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NI political leaders hold ‘robust’ talks, co-chaired by Coveney, on Troubles legacy plans

Stormont is to be recalled on Tuesday to debate plans for a statute of limitations on Troubles crimes.

File photo - Northern Ireland Secretary Brandon Lewis with the Minister for Foreign Affairs Simon Coveney
File photo - Northern Ireland Secretary Brandon Lewis with the Minister for Foreign Affairs Simon Coveney
Image: PA

NORTHERN IRELAND’S POLITICAL leaders have held “robust conversations” with Secretary of State Brandon Lewis over controversial UK Government plans to ban prosecutions over Troubles-related offences.

The parties outlined their opposition to the proposals in a virtual meeting with Lewis, which also included Foreign Affairs Minister Simon Coveney.

The meeting came as it was confirmed the Northern Ireland Assembly will be recalled next week from its summer recess to discuss concerns over what politicians and victims have described as a “de facto amnesty” for Troubles crimes.

Lewis said on Wednesday that he intends to introduce legislation to create a proposed statute of limitations which would end all prosecutions for incidents up to April 1998 and would apply to military veterans as well as ex-paramilitaries.

The proposals, which British Prime Minister Boris Johnson said would allow Northern Ireland to “draw a line under the Troubles”, would also end all legacy inquests and civil actions related to the conflict.

Speaking today, Minister Coveney said there is “no predetermined outcome” to dealing with Northern Ireland’s legacy issues, adding that the British government’s position “is simply a position paper that is contributing to the process that is now underway”. 

“This is not a case of the British government outlining the position, and then going through some form of consultation process, and then moving ahead with that position anyway in the Autumn. If that’s what we’re at, well then we have real problems,” Coveney said. 

“I have to put some trust in this process, and I have done. Over time, I hope we will be able to provide reassurance to victims and their families, and to political leaders in Northern Ireland, that this is a genuine effort to try achieve consensus on perhaps the most sensitive issues in Northern Ireland, which is how we deal with the pain and trauma and the ongoing impact of the legacy of the past and how we try to move on,” Coveney said.

Following the meeting today, DUP leader Jeffrey Donaldson said: “It was a fairly robust conversation. Each of us outlined our views on the way forward in relation to legacy.

“We recognise that these are very difficult and sensitive matters.

“This morning I have been meeting with some of the groups here representing innocent victims from across Northern Ireland. They are very concerned by the Government’s proposals for what they believe amounts to some form of amnesty.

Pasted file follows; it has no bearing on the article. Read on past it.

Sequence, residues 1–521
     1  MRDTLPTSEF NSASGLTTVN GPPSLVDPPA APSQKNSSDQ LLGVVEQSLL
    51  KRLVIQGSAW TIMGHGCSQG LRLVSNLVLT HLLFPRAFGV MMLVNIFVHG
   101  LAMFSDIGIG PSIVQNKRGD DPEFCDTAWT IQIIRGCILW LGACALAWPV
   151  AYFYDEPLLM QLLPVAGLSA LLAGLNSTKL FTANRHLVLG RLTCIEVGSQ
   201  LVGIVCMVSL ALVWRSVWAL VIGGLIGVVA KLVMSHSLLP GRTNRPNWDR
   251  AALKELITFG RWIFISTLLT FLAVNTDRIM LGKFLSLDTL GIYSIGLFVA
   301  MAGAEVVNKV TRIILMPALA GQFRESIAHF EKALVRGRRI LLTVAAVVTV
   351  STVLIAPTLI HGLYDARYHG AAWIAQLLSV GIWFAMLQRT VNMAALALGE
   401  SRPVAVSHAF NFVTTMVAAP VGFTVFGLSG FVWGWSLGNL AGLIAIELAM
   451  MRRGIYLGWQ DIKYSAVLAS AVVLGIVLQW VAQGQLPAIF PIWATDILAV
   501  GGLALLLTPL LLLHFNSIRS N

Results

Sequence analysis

“They believe passionately that the opportunity for victims and families to pursue justice should not be closed off and that view was replicated in the comments made by party leaders this morning.”

He added: “We want a process on legacy which includes an opportunity for those families and for those victims that want to take that route to pursue justice.

“It is not just about truth, it is not just about information recovery, it is about having the opportunity for individuals and families to pursue justice for their loved ones.”

Taoiseach Micheal Martin said there has to be a “consensus-based approach”.

He said: “What is at the foremost of our minds at all times must be the victims and their families.

“They feel betrayed and they feel let down, and we have to prioritise the families and victims of so many atrocities during that period of our history on this island, irrespective of one’s community.

“It’s very clear people want those that murdered their loved ones, be it paramilitaries, should be fully accountable to the justice system, fully acknowledging the challenges around that.”

Alliance Party leader Naomi Long said her party would not “provide cover for anything” that amounts to an “amnesty” over Troubles prosecutions.

Long said: “Alliance was clear with the governments that we will continue to engage in the legacy process in order to find a solution. But that solution needs to be based on the rule of law and due process.

“However, we will not provide cover for anything that amounts to an amnesty. I was clear in the meeting this process has to be centred on victims, who have been re-traumatised this week thanks to the actions of the UK Government.

“Any suggestion their right to access justice has been denied will hurt them further.”

Ulster Unionist leader Doug Beattie said the meeting “did not provide any solutions for innocent victims”.

Beattie said: “I made clear at the meeting that we would not be supporting a statute of limitations, which has always been our consistent position because it was always going to inevitably lead to an amnesty for terrorists.

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“The UK Government must widen their proposals to incorporate a criminal justice element or they will risk inflicting more pain on innocent victims whose families have already sacrificed so much.

“Any proposals which snuff out any hope of justice need to be abandoned. The Irish Government needs to do more than what they are doing now. It`s not good enough that the Irish Government comes to the table with warm smiles, but little else. Where is their command paper and what are they going to do?”

Stormont is to be recalled on Tuesday after more than 30 MLAs signed a recall petition introduced by the SDLP.

MLAs will debate a motion calling for victims and survivors to have a “full, material and central role and input into the content and design of structures to address the legacy of the past”.

With reporting by Hayley Halpin

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